Largest Armed Conflicts
War. War never changes. A lot of politics, warfare, famine and deaths. We welcome you to our list of top 5 largest conflicts in history of man.
The modern world is still living with the consequences of World War 2, the most titanic conflict in history. 70 years ago on September 1st 1939, Germany invaded Poland without warning sparking the start of World War Two. By the evening of September 3rd, Britain and France were at war with Germany and within a week, Australia, New Zealand, Canada and South Africa had also joined the war. The world had been plunged into its second world war in 25 years. Six long and bloody years of total war, fought over many thousand of square kilometres followed. From the Hedgerows of Normandy to the streets of Stalingrad, the icy mountains of Norway to the sweltering deserts of Libya, the insect infested jungles of Burma to the coral reefed islands of the pacific. On land, sea and in the air, Poles fought Germans, Italians fought Americans and Japanese fought Australians in a conflict which was finally settled with the use of nuclear weapons. World War 2 involved every major world power in a war for global domination and at its end, more than 60 million people had lost their lives and most of Europe and large parts of Asia lay in ruins. Estimated death toll: 40.000.000 – 72.000.000.
2. An Lushan Rebellion
Rebellion beginning in 755 in China led by An Lushan (703 – 757), a general of non-Chinese origin. An Lushan rose through the ranks of the Tang-dynasty army in the 740s, becoming a military governor and a favourite of the emperor, Xuanzong. In 755 he turned his troops on the eastern capital city, Luoyang, and after taking it he proclaimed himself emperor. Six months later his forces took Chang’an, the western capital. He was murdered in 757, and the rebellion was put down in 763. The Tang government was much weakened, however, and the second half of the Tang dynasty and the subsequent Five Dynasties period were troubled by chronic warlordism. Estimated death toll: 33.000.000-36.000.000
3. Mongol Conquests
Genghis Khan. In the late 1100’s, Temujin, a Mongol chieftain who later became known as Genghis Khan, rose to power as khan. He began to unify and organize the scattered Mongol and other nomadic tribes into a superior fighting force. Genghis Khan was shrewd, ruthless, ambitious, and a strict disciplinarian. After he became the undisputed master of Mongolia, and “lord of all the peoples dwelling in felt tents,” he set out on a spectacular career of conquest. In many parts of the world, in particular, the Arab Middle East, Europe, and the Americas, the Mongols have become synonymous with murder, massacre, and marauding mayhem. Their advent is portrayed as a bloody “bolt from the blue” that left little but destruction, death, and horrified grief in its wake. A medieval Russian chronicle from Novgorod vividly describes their impact on the region: “No one exactly knows who they are, nor whence they came out, nor what their language is, nor of what race they are, nor what their faith is . . . God alone knows”. Estimated death toll: 30.000.000-60.000.000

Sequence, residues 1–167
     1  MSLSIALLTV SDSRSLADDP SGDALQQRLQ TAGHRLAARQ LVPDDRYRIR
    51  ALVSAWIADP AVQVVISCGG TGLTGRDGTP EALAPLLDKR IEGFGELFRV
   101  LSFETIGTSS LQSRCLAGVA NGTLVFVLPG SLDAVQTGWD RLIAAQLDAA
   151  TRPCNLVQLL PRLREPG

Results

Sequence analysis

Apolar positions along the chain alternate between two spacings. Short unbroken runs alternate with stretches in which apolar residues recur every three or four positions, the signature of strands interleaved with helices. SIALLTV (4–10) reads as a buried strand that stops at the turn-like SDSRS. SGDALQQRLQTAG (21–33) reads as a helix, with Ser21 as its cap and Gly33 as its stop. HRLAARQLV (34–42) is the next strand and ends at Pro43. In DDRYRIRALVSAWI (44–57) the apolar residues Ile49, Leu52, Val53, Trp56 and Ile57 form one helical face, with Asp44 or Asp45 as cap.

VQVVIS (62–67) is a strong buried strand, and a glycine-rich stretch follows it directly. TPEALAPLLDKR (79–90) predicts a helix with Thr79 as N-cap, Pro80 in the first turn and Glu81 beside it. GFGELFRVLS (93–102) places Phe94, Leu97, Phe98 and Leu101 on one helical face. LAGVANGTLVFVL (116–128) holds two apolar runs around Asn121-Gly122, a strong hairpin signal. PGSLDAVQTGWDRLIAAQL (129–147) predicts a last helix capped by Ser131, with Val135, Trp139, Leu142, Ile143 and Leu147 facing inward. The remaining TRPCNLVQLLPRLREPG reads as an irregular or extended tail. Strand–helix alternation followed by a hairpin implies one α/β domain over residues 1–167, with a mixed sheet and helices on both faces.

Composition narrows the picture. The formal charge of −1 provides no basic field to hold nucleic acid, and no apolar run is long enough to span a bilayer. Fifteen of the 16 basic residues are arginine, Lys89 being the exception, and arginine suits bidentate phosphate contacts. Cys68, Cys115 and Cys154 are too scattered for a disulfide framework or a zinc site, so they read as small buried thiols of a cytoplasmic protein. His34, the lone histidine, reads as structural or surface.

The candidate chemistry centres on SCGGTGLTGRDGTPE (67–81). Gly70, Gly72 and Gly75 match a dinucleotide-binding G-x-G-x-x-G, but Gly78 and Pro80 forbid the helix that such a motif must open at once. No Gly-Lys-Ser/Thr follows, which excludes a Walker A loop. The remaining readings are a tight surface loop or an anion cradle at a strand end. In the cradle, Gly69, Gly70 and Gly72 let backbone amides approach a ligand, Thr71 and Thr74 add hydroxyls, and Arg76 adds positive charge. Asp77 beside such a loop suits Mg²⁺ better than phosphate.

4. Taiping Rebellion
The Taiping Rebellion was a widespread civil war in southern China from 1850 to 1864, led by heterodox Christian convert Hong Xiuquan, who having received visions, maintained that he was the younger brother of Jesus Christ against the ruling Manchu-led Qing Dynasty. About 20 million people died, mainly civilians, in one of the deadliest military conflicts in history. Estimated death toll: 20.000.000-30.000.000
The spark that set off WWI was assassination of Archduke Franz Ferdinand, heir to the Austro-Hungarian throne, in Sarajevo on 28 June 1914. Assassin was Gavrilo Princip, associated with the movement “Mlada Bosna” (Young Bosnia). Austria-Hungary’s reaction to the death of their heir was to issueOn 28 July, the conflict opened with the Austro-Hungarian invasion of Serbia, followed by the German invasion of Belgium, Luxembourg and France; and a Russian attack against Germany. After the German march on Paris was brought to a halt, the Western Front settled into a static battle of attrition with a trench line that changed little until 1917. In the East, the Russian army successfully fought against the Austro-Hungarian forces but was forced back by the German army. Additional fronts opened after the Ottoman Empire joined the war in 1914, Italy and Bulgaria in 1915 and Romania in 1916. The Russian Empire collapsed in 1917, and Russia left the war after the October Revolution later that year. After a 1918 German offensive along the western front, United States forces entered the trenches and the Allies drove back the German armies in a series of successful offensives. Germany agreed to a cease-fire on 11 November 1918, later known as Armistice Day. an ultimatum to Serbia which, in the extent of its demand that the assassins be brought to justice effectively nullified Serbia’s sovereignty. Estimated death toll: 15.000.000-65.000.000 (high estimates include Spanish flu).